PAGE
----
As for the actual style approach of these characters, I tried to use a ‘middle road’ approach that is neither totally photorealistic nor entirely ‘comic book’. I drew the line art black and then lighted it up until it was a medium gray, which would be the darkest tone of these figures —the goal was to keep the naked ‘higher self’ as the darkest figure in the composition— and kept that layer in a Darken blend (with an opacity below 100%) above the layer in which I did all the painting, which means it would not superimpose or make the lines too dark once it reached a certain threshold. I then continued to paint my figures using normal (not synthetic paint. I chose to take it easy) ‘conceptual brushes’ (all using a certain rough texture BTW) and occasionally revisit the lineart layer to erase the lines that were no longer needed if the volumes were already expressed by the shading of the paint layer.

Some things came out better than I expected (like the expressions in each of the five figures, especially because they are totally imaginary and not taken from actual models) and others are ‘good enough’ but not 100% perfect. Overall I think I fulfilled my #1 job when creating a cover for the modern book market, which is to make it interesting enough that a viewer scrolling by on Amazon will actually take a few more seconds just to check it out, regardless on whether they are interested in the topic or not.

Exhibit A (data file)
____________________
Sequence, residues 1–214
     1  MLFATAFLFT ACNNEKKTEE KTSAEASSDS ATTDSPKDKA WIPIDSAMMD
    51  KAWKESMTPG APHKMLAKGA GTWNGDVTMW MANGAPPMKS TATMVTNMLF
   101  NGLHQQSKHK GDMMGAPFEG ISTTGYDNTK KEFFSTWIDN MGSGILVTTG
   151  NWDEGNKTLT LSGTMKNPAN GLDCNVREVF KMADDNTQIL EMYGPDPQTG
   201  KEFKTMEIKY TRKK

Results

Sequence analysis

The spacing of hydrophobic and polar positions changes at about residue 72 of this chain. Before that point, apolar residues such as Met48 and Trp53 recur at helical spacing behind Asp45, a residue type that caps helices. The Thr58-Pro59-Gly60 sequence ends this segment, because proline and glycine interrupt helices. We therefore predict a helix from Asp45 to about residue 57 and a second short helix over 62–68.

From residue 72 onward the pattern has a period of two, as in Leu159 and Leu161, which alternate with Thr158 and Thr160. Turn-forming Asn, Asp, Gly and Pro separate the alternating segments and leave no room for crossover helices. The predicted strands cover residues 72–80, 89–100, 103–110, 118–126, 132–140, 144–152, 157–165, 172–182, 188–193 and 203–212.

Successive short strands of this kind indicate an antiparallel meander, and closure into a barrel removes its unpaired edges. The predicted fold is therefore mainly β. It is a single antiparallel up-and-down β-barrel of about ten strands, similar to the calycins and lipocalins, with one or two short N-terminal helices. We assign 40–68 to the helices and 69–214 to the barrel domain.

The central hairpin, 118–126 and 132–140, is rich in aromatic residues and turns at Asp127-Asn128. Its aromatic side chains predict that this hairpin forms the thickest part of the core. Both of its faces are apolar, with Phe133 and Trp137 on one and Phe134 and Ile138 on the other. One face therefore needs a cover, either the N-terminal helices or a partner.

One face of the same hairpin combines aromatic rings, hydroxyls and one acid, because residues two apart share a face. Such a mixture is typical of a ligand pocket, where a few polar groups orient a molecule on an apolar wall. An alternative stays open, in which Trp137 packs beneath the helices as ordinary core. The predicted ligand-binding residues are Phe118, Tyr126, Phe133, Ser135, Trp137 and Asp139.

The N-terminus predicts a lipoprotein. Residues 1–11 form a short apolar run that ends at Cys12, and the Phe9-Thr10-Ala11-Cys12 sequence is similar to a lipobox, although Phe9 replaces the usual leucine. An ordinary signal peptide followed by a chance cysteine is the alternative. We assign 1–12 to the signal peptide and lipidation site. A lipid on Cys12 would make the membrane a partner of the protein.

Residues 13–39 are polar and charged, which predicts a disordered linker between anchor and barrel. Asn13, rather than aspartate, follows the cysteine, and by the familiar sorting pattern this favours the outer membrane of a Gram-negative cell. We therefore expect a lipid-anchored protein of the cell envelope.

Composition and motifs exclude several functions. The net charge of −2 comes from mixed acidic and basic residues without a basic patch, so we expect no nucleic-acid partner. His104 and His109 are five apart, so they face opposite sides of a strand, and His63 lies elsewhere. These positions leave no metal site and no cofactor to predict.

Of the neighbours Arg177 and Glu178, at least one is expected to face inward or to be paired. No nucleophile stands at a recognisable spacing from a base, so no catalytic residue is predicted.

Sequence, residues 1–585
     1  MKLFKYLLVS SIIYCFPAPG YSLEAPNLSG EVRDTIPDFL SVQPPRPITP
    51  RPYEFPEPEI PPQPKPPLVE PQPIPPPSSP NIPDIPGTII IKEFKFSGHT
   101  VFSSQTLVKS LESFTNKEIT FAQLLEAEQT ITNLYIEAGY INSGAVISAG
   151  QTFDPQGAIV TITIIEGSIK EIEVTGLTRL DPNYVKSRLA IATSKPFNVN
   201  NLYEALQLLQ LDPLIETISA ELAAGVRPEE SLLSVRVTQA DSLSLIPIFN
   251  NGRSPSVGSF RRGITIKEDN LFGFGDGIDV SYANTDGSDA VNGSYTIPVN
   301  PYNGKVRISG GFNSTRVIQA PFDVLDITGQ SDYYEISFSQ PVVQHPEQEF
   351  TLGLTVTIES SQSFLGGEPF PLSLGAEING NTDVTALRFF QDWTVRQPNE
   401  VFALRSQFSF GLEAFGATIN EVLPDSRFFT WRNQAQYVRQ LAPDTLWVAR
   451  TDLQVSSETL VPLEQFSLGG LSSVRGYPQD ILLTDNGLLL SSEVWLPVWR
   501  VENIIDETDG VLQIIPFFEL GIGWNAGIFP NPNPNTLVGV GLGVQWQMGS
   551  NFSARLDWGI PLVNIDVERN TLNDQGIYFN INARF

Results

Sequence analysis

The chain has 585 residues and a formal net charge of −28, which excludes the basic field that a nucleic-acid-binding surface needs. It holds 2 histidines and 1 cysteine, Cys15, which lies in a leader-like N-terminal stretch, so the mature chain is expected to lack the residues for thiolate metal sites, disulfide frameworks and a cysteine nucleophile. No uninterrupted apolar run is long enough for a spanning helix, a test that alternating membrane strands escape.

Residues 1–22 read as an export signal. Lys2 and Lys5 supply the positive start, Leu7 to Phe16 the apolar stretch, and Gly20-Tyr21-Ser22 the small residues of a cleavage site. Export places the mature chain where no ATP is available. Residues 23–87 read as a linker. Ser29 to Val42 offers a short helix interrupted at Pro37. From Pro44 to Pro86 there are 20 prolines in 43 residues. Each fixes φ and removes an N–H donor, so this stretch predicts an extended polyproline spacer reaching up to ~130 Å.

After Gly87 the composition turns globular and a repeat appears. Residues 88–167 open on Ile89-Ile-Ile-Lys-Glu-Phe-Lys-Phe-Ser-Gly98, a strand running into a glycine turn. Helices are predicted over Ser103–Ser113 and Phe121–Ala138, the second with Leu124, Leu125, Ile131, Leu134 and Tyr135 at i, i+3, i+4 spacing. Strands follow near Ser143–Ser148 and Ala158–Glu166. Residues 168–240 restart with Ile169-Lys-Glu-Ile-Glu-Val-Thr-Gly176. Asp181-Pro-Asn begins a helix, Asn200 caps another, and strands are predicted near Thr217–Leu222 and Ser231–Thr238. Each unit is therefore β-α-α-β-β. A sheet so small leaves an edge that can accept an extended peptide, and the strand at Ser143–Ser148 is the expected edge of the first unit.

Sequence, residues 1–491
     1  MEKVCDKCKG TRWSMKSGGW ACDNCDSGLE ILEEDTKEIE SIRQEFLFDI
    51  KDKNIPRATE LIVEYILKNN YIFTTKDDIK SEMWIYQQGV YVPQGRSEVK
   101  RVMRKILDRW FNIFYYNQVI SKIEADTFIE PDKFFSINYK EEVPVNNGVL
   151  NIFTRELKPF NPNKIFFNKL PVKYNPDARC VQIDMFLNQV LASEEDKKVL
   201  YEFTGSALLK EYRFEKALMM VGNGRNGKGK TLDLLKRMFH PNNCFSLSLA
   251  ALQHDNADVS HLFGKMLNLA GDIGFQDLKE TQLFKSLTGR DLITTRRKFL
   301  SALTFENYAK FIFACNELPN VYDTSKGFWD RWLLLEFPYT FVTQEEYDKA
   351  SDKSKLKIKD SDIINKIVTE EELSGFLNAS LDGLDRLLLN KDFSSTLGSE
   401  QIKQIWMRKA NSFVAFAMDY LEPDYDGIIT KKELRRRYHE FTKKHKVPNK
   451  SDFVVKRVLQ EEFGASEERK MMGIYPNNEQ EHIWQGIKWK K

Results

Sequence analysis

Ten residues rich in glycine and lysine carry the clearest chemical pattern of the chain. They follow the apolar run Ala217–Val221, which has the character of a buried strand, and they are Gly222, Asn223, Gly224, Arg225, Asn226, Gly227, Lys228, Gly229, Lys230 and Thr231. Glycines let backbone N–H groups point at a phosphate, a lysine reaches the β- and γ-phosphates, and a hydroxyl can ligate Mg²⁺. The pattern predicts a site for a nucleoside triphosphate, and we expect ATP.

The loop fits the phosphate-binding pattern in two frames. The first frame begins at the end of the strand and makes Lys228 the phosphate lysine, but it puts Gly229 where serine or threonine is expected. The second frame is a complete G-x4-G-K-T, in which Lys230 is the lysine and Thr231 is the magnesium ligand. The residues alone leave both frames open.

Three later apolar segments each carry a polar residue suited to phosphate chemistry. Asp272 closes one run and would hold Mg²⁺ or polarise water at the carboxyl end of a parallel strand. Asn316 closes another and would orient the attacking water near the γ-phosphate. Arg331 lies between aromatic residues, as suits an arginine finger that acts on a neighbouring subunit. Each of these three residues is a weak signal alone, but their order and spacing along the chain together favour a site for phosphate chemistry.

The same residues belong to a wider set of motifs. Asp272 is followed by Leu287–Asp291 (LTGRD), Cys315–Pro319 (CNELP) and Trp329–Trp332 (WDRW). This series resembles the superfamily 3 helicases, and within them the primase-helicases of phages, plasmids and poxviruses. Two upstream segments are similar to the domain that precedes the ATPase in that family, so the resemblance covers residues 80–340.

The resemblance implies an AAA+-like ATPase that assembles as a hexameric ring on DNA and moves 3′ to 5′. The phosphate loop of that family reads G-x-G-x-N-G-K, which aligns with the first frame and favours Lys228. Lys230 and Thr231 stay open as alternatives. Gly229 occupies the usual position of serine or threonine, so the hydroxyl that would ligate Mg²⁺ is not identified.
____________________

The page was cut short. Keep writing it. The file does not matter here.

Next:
The book, I am told, will be available very soon. And even though my decision to design a cover for a book does not imply an endorsement, I have been over the years fortunate and careful enough to always work in projects that align with my own personal ideas to a certain degree. So even though I cannot vouch for Robert’s method, I still think his book would be of interest to those seeking to learn more about connecting to the other aspects of themselves that exist on different timelines —who knows, maybe several centuries ago I was a cloistered monk happily illuminating manuscripts in some remote mountain monastery, with no other companion than a few cats and a dog —and it certainly wouldn’t have hurt if I had an extra copy to the wine cellar!



  1. Love this cover and the book sounds interesting! I havent seen Cloud Atlas, but I watched the trailer you posted and it reminds me a lot of Anthony Peake’s Cheating The Ferryman hypothesis. I need to find the film 🙂

    Liked by 1 person